A. When the time of our journey ends and the Lord returns, our hope is to be able to say that we have fought the good fight: 2 Tim. 4.7
 B. And, like Jesus, we hope that we can say that we have finished the work that He gave us to do: Jn. 17.4
 C. In this way, we hope to hear Him say, "Well done, good and faithful servant; enter into My joy": Matt. 25.21

     CONCL.: The Bible does not authorize the church to celebrate special days, especially with religious observances. However, the Bible does take note of the passing of time (Gen. 1.14). When it is morning or evening, we may sing a hymn appropriate to that time of day. In the same way, when it is a new year, we may sing a hymn appropriate to that season. And at the beginning of the years, Christians should want to teach and admonishing one another concerning their journey in life, saying, "Come, Let Us Anew."


2 thoughts on ““Come, Let Us Anew”

  1. “Come, Let Us Anew” has a remarkably well nuanced set of lyrics involving biblical allusions and analogies which Charles Wesley aligned with the course of life. The thoughts, which are well matched by tune LUCAS, are especially poignant for New Year’s Day, birthdays, wedding anniversaries, etc.

    The theology undergirding the lyrics is thoroughly Arminian (freewill), as typified the Wesleys. Note the explicit sense in the lyrics that the road to salvation continues throughout life and is not assured until final approval by the Master.

    Such statements caused Calvinistic editors in the Wesleys’ own time to set upon the Wesleyan hymns with a vengeance, as those editors began seeing freewill doctrine and salvation by works lurking all over the place in them, including in phrases where the Wesley brothers themselves had no such intention. (Several versions of Charles Wesley’s “Love Divine,” for example, continue in circulation because of apprehensions and changes by editors.) So pervasive were the changes out there, that John Wesley, in the preface to the 2nd edition (1779) of the Methodist hymns, published a caveat requesting that the hymns be left exactly the way he and brother Charles had written them, “that we may no longer be accountable either for the nonsense or doggerel of other men” (meaning the Calvinist editors).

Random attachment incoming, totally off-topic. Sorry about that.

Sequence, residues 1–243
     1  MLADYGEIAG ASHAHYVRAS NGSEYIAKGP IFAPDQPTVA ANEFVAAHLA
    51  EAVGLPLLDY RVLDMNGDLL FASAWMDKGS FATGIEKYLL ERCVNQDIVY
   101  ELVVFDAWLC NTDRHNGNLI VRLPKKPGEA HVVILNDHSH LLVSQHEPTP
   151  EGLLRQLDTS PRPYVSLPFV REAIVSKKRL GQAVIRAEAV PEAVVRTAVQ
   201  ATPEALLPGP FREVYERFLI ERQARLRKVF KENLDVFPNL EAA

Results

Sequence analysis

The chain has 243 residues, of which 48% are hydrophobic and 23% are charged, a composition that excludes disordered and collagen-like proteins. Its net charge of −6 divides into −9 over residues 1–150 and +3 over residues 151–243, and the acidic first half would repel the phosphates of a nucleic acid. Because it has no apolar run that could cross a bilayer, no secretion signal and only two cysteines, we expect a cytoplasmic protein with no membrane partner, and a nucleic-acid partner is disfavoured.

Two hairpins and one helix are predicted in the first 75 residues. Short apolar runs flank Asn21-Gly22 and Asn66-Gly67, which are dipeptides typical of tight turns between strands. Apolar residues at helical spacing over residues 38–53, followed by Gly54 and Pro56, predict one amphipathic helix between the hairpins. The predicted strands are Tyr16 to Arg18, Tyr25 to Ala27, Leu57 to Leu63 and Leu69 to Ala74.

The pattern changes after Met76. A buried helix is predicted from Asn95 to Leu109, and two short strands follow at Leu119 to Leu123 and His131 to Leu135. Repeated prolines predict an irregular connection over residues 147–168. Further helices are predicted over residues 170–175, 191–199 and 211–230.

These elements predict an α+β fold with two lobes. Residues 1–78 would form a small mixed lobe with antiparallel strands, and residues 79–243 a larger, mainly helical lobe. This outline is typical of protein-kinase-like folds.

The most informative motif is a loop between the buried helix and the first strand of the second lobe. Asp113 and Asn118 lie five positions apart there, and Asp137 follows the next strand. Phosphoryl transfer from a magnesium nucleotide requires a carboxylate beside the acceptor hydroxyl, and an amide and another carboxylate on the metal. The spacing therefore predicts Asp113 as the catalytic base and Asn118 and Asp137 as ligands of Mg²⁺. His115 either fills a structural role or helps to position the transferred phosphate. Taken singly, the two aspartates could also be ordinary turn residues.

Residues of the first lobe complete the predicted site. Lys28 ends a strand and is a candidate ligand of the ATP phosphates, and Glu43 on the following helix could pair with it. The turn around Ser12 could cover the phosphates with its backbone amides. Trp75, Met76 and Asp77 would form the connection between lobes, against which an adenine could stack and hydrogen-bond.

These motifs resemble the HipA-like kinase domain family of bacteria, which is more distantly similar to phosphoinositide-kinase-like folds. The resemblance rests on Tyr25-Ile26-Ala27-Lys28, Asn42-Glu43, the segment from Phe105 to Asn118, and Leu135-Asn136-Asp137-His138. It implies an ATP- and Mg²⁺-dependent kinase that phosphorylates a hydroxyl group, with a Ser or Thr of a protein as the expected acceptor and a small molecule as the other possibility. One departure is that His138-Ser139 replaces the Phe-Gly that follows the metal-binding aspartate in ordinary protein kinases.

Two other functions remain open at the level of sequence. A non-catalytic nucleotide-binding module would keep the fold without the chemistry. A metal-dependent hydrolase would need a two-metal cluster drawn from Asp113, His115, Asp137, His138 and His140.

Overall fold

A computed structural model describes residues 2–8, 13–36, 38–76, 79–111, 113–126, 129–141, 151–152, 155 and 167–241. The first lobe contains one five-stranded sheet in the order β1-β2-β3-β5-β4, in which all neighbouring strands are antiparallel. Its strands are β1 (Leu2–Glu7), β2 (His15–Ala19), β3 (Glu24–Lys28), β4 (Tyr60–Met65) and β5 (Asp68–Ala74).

“Come, Let Us Anew” fits well the scriptural orientation of Barton Warren Stone, Alexander Campbell, and others who in the 19th century contributed to the great and continuing movement of restoration toward the church of the New Testament. “He that endureth to the end shall be saved” (Matthew 10:22kjv).

    The use of the word “millennial” in the second verse is innocuous (except, of course, for anyone so traumatized by the word as to perceive something there which isn’t). Christians from all “millennial” persuasions have necessarily yet to arrive at “the millennial year” (whatever it is) when all fateful decisions will be rendered by the Righteous Judge.

    Too bad this excellent and moving hymn has ended up on the cutting-room floor of recent hymnals. Nonetheless, the hymn is in the public domain, and the score is available at http://www.hymnwiki.org/Come%2C_Let_Us_Anew_%28Wesley%29 .

  2. This is a beautiful hymn–both inspirational and motivating. Its words continually inspire me to faith, proper stewardship of time and management of God’s resources which he has entrusted to us.
    It was also Hymn 369 in the past CHURCH HYMNAL of the SDA church.